The Circuit grants a rehearing and revises its decision in Asetek to vacate the ‎overly broad portion of an injunction. ‎In Wasica, the Circuit refuses to permit a party to present new arguments of ‎obviousness that were different from the “conclusory and sweeping” obviousness ‎allegations in its original IPR petition. In Novartis, the panel affirms a ‎determination of obviousness of IPR decisions even though the patents were ‎previously found by the district court not to be invalid. Medicines v. Mylan focuses ‎its claim constructions on examples provided in the specification, except where ‎language in the specification was found not to be “definitional” in that it lacked ‎the clear expression of intent necessary for a patentee to act as its own ‎lexicographer.‎ 

Thanks to my colleague Yuke Wang for his help with this week’s report.‎

Pete ‎ 

Asetek Danmark A/S v. CMI USA Inc., Fed. Cir. Case 2016-1026, -1183 (April 3, 2017)‎

In an unusual, but well-justified, revision of a December, 2016 decision, the panel ‎rehears the issue of the breadth of an injunction granted by the district court. In ‎the original opinion, written by Judge Taranto, the panel determined that the ‎injunction was over-broad but, over the vehement dissent of Chief Judge Prost, ‎the majority refused to vacate even the erroneous part of the injunction. ‎

Specifically, the entire panel originally agreed that the injunction was over-broad ‎in that it covered Cooler Master, a Taiwanese company who was not a party to the ‎case at the time of the district court decision. Despite this, in its original decision ‎the majority was reluctant to disturb the status quo, which had existed for a year. ‎Therefore, the injunction was kept in place, although the case was remanded for ‎the district court to reconsider this part of the injunction. In dissent, Judge Prost ‎wondered how an admittedly inappropriate injunction was not vacated or at least ‎revised.‎

On rehearing, the entire panel revises the ruling to vacate the injunction as it ‎applies to Cooler Master, and remands the case for further consideration as to ‎whether an injunction against Cooler Master is appropriate. The earlier decision, ‎discussed in my December 9 report, remains in effect in other respects. ‎

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Wasica Finance v. Continental Automotive, Fed. Cir. Case 2015-2078, -2079, -‎‎2093 and -2096 (April 4, 2017)‎

In a consolidated appeal of IPR proceedings involving two Wasica patents, the ‎panel affirms all of the invalidity determinations and affirms all but one of the ‎validity rulings. The patents are directed to systems for monitoring tire pressure, ‎with each tire including a pressure measuring device and a transmitter that sends ‎pressure data to a corresponding receiver. ‎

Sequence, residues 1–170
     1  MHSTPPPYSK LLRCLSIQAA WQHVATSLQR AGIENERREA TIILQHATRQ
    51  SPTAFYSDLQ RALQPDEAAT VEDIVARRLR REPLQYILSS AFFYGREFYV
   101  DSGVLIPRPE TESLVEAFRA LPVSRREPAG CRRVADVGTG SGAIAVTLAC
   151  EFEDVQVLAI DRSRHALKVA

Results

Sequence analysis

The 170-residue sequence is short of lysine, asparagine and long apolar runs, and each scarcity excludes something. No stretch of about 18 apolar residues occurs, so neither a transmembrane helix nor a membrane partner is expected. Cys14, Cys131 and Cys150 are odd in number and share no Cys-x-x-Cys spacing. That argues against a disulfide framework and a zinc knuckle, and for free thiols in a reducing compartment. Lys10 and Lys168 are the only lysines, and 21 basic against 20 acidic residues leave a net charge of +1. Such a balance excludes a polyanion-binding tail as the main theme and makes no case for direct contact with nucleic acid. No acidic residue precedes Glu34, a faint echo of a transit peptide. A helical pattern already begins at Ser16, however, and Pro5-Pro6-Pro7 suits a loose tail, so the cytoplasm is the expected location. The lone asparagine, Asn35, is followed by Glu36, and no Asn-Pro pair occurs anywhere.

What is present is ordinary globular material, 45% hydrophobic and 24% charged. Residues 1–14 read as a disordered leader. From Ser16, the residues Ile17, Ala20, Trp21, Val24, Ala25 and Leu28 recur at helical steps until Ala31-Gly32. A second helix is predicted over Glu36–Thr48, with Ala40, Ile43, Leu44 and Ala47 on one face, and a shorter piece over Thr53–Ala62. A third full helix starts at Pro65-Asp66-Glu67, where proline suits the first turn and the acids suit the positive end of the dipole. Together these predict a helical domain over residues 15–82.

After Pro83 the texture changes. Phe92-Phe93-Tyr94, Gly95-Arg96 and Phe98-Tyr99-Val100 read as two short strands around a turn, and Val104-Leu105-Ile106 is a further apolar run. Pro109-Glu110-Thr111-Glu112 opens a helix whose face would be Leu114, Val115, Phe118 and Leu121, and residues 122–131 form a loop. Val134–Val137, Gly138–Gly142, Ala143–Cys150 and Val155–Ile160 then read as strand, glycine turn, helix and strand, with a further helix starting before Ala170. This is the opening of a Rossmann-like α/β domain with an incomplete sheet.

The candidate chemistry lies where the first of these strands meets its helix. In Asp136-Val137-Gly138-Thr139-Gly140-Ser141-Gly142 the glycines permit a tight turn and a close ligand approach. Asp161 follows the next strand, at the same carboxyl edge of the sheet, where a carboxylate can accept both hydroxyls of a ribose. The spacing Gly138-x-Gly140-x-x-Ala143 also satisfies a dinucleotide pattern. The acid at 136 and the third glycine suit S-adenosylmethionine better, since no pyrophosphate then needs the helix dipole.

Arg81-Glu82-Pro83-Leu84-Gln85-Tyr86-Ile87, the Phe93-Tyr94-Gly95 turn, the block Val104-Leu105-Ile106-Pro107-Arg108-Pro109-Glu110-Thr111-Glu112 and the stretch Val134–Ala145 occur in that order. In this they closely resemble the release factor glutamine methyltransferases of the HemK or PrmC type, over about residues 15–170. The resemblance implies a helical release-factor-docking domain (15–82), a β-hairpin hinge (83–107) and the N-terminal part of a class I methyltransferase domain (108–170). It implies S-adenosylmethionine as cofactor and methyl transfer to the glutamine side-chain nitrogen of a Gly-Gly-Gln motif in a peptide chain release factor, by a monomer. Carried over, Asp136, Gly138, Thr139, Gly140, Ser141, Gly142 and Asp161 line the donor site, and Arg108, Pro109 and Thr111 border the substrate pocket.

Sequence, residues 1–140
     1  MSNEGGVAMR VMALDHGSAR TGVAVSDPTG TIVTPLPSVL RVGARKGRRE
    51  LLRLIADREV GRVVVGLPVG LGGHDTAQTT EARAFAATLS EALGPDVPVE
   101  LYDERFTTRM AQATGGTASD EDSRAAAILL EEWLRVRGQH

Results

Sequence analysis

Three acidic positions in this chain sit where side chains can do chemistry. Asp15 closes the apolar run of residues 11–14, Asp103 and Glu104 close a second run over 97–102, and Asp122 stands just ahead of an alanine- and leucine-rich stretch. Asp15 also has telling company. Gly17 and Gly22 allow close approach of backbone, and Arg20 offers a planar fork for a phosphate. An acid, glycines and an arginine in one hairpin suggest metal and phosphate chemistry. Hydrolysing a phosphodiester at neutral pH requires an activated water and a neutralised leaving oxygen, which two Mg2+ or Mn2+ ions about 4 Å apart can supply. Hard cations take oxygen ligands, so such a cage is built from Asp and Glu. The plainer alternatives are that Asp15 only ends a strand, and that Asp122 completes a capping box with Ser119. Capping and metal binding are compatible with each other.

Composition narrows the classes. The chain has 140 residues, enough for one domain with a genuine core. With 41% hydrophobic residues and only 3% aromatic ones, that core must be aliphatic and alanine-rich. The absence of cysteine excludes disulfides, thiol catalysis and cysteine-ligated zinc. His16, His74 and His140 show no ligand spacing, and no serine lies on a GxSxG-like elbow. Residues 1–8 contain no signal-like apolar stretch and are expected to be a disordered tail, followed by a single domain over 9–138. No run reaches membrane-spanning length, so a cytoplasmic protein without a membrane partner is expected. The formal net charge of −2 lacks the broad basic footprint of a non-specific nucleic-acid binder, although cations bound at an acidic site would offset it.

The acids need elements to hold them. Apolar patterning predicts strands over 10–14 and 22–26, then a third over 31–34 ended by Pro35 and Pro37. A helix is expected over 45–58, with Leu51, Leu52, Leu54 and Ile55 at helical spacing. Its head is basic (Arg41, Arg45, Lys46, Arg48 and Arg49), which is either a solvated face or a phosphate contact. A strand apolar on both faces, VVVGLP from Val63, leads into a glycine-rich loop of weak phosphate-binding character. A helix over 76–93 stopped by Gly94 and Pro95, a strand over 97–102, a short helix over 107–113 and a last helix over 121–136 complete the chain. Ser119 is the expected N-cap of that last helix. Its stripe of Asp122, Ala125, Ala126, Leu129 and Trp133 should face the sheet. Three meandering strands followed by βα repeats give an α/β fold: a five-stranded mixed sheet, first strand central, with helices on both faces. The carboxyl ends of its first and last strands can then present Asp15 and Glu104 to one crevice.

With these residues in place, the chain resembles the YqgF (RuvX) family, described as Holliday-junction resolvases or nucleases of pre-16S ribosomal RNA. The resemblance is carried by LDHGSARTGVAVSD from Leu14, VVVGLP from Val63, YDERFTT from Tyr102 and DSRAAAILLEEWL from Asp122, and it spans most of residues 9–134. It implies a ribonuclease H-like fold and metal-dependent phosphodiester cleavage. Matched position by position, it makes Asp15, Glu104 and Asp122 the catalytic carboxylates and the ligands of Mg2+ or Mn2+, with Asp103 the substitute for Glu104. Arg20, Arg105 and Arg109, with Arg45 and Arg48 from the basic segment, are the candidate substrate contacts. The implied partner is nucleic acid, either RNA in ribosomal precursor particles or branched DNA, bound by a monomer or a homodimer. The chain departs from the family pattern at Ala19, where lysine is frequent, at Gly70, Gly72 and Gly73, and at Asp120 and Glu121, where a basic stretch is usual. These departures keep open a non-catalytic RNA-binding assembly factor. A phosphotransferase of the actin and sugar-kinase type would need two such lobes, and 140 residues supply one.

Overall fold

The panel affirms the claim constructions by the Board. This doomed Wasica, ‎because it did not contest the invalidity rulings if the constructions were affirmed. ‎Because the patents had expired, the claims were construed under Phillips and ‎not based on the broadest reasonable interpretation. The panel first rejects ‎Wasica’s argument that the claimed signals must contain numerical values ‎of pressure, since claim 1 recites displaying data “as numbers or symbols.” ‎Second, the panel disagrees with Wasica’s argument that “emittance of a ‎predetermined switching signal” should include both wired and wireless ‎transmissions. The plain and ordinary meaning of “emit” is simply “to send ‎out,” and electrical signals can be “sent out” over wired connections. Moreover, ‎the specification is rife with examples where the switching signal propagates in ‎both wireless and wired form, and claims are normally not construed to exclude ‎disclosed embodiments. ‎

The panel rejects Schrader’s argument that Oselin’s prior art ‎transmitters must use a constant frequency. The Board found, based on expert ‎testimony, that one of ordinary skill would not have read Oselin to disclose what ‎Schrader’s counsel urges. The decision also rejects Schrader’s argument that ‎claim 6 is not anticipated since Oselin is at best “unclear” as to its teaching that ‎allegedly anticipates. The panel holds that ambiguous references do not ‎anticipate a claim. ‎

The panel finds that substantial evidence supports the Board’s ruling that ‎Oselin’s broad invocation of “any modulation scheme” (a genus) ‎does not disclose the constant-frequency modulation scheme of claim 6 (a ‎species). Therefore, the Board’s determination that claim 6 is not anticipated is ‎affirmed. ‎

The panel rejects Continental’s attempts to cure its IPR petition that offered only ‎‎“conclusory and sweeping” obviousness allegations, noting that petitioners in IPR ‎proceedings must adhere to the requirement that the initial petition identify with ‎particularity the evidence that supports the grounds for the challenge to each ‎claim. Unlike district court litigation—where parties have greater freedom to revise ‎and develop their arguments over time—the expedited nature of IPRs bring with it ‎an obligation for petitioners to make their case in their initial petition. After Wasica ‎pointed out the flaws in Continental’s petition, rather than explaining how the ‎original petition was correct Continental effectively abandoned its petition in favor ‎of a new argument. The panel sees no error in the Board declining to engage this ‎new theory of prima facie obviousness. ‎

Claim 9 requires the transmitter to send data to the receiver through “at least a 4-‎bit sequence” having four smaller “bit sequences” of information. Under the ‎Board’s construction, the transmitted signal must include at least eight bits—two ‎for each component bit sequence. Not only does this approach rewrite “at least ‎‎4” to mean “at least 8,” it also excludes signals comprising four, five, six, or ‎seven bits that are expressly covered by the claim. Moreover, the context of the ‎words surrounding “bit sequence” and the disclosure of a single-bit embodiment ‎requires that the claim encompasses single-bit sequences. Therefore, claim 9 is ‎invalid. ‎

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Novartis v. Noven, Fed. Cir. Case 2016-1678, -1679 (April 4, 2017) ‎